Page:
The 6 Books That Every Office Should Have

By maintaining and enhancing your most valuable asset, you and your coworkers, you are sharpening the saw. Finding harmony on all levels—mentally, physically, emotionally, and spiritually—is the goal.

Today's employers are aware of this, which is why they spend money on employee benefit programs like mindfulness training, after-school activities, nutritious office snacks, unrestricted vacation policies, and more.

But what if we go back to the fundamentals? The use of office libraries is a terrific method to motivate workers to take a break from their smartphones and laptops while also learning something new.

Check out these books if you wish to build a library at your place of business:

1. Fiction: The One Woman By Laura May

To better understand an LGBTQ community add this book to your office library. Regrettably, little is known of Julie's life or her relationship with Mark. That is, until she meets Ann. Ann is a warm and creative web developer. Julie obviously cares for Ann. There is a clear spark between them since their past and present meet in Barcelona. When calamity strikes, Julie will have to choose between remaining true to Mark and loving Ann. Can long distance real love endure? Read in Laura May's book.

2. Non-Fiction: The Hard Thing About Hard Things by Ben Horowitz

One of Silicon Valley's most renowned businessmen is Ben Horowitz. Horowitz lifts the lid on what it really takes to steer a great company through difficult times in The Hard Thing About Hard Things. Horowitz's book offers crucial counsel for every corporate executive, presented in his straightforward writing style with a few nods to his rap fandom. It's a must-read for both newcomers and seasoned readers, and it's especially beneficial for people adjusting to difficult circumstances with difficult barriers.

3. Fiction: An Island by Karen Jennings

This book is a perfect thought-provoking read to add to the office library. Samuel is introduced in the first chapter of the book as the island's lone resident and lighthouse keeper. An unexpected guest, a man who washes ashore, breaks up his seclusion. Samuel is prompted by the abrupt appearance of this stranger to think back on his life and the circumstances that brought him to the island. The amazing thing about this book is how broad it is despite how short it is; Samuel's life serves as the starting point for a thorough investigation into postcolonial African politics, xenophobia, family and its conflicts, and, unavoidably, the nature and meaning of love. Jennings' flawless mastery of her art is what makes everything come together. The subsequent refined narrative piece is the ideal balancing act. The contrasts in this book are subtle and strong, sparse and expansive, and narrow.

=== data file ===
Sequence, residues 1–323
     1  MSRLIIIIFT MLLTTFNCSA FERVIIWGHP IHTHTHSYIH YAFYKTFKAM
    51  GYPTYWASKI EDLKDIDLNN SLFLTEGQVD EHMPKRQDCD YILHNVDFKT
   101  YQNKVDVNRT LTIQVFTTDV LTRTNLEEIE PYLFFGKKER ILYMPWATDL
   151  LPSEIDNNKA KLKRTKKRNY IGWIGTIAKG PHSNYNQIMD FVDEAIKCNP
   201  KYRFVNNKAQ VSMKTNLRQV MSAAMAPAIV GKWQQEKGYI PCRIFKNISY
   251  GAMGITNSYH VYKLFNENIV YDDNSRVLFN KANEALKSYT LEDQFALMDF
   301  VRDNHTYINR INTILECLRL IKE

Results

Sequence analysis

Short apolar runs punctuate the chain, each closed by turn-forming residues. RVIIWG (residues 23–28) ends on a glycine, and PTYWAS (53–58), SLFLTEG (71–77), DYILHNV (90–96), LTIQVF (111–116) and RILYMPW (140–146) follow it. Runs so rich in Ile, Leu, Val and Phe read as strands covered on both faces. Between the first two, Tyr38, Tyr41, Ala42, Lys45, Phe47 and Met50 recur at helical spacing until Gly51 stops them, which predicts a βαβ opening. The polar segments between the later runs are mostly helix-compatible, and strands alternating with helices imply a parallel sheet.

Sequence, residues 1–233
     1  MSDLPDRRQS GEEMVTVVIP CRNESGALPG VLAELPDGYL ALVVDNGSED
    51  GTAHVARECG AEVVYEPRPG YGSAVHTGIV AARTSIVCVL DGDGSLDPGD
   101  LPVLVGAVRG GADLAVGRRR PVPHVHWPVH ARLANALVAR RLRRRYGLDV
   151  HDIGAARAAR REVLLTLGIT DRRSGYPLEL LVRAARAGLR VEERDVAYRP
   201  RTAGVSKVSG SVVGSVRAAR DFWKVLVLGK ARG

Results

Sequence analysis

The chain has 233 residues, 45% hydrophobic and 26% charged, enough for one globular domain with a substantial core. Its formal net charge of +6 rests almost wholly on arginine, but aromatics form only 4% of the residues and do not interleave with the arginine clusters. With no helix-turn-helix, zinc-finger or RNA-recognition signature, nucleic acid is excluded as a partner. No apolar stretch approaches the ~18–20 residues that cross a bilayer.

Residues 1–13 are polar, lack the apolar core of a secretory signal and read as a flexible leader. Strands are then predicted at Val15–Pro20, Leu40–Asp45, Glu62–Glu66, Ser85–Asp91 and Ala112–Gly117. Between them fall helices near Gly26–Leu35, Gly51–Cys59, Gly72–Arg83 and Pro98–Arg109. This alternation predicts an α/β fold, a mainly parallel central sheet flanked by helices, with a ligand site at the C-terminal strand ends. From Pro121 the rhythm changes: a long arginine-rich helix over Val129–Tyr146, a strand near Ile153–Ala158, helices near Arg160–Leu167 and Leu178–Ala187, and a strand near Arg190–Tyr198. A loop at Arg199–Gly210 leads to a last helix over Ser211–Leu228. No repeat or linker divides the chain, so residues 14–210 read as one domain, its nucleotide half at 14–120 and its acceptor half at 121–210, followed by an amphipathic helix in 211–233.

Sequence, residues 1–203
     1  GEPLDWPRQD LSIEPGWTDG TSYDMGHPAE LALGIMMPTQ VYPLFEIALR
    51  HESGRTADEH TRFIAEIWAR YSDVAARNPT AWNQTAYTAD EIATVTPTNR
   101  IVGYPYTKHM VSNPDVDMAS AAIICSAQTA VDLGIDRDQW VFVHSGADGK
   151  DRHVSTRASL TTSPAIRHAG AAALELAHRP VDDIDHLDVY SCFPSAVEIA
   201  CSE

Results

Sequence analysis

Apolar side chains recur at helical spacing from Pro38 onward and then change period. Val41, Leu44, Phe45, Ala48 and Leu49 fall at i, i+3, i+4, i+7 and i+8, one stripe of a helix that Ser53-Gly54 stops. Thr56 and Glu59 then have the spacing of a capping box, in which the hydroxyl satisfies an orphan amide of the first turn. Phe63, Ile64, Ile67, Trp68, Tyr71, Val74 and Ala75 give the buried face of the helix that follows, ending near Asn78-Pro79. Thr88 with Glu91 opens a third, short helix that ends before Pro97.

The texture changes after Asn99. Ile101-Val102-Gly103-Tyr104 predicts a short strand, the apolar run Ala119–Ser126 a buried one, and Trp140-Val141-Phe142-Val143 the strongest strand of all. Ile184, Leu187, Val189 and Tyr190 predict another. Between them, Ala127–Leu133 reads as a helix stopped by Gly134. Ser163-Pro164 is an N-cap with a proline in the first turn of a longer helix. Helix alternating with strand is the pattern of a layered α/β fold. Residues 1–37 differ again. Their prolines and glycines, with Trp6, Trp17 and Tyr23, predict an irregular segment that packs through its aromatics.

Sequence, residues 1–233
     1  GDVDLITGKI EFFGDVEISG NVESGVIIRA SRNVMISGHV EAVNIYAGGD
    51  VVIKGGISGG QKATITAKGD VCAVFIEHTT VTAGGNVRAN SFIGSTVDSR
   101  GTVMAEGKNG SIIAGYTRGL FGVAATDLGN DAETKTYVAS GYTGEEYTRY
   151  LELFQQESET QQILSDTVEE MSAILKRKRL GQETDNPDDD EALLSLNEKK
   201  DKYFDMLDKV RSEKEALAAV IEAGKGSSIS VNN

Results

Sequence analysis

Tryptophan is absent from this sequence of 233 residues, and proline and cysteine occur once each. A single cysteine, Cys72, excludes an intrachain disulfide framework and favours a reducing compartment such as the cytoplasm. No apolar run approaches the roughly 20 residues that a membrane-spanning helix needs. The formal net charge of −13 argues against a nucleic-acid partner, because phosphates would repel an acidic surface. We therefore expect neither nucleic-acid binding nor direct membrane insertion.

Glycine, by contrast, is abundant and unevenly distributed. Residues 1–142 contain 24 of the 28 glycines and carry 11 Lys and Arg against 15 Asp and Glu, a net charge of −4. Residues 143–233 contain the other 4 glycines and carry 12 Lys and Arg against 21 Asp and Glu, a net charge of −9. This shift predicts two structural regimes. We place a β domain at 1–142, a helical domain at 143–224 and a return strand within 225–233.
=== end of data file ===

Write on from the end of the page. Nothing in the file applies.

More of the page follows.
4. Non-Fiction: Start with Why by Simon Sinek

Finding and maintaining that sense of inspiration that inspires others is one of the first issues that business owners encounter. In order to help you feel more inspired at work, Simon Sinek has been on a quest to learn what makes some businesses innovative and powerful.

In Start with Why, Simon Sinek demonstrates how successful leaders like Steve Jobs and Martin Luther King Jr. succeeded by staying true to their "why." He creates a Golden Circle framework that makes it possible for you to employ the similar procedure to create a company that motivates others.

5. Fiction: Avalon by Nell Zink

This is a perfect book to unwind after a difficult work day. Bran grew up in a non-traditional family in Southern California. She is raised by her "common-law stepfather" on Bourdon Farms, a plant nursery that serves as a front for a biker gang, after her mother moves into a Buddhist colony. Her days are spent taking care of plants, struggling through high school, and daydreaming about what her life might be like if she had been born into a different family.

Then she meets Peter, an East Coast college student who is a handsome, tormented, and attractive train wreck who starts his teaching career by introducing her to literature and aesthetics. Bran looks for significance in her own surroundings as the two start a turbulent and presumably doomed long-distance romance.

6. Non-Fiction: The Personal MBA: Master the Art of Business by Josh Kaufman

"The Personal MBA" presents the core concepts of business for people at any level of their business careers. It was written for those who cannot or do not wish to attend business school. This self-help book presents an overview of several business school courses to assist readers in understanding the fundamentals of the MBA, with lessons on negotiation, strategy, sales, and marketing.

What books would you recommend to add to your office library?

About the Author:

Diane Hayes is a book blogger and writer.

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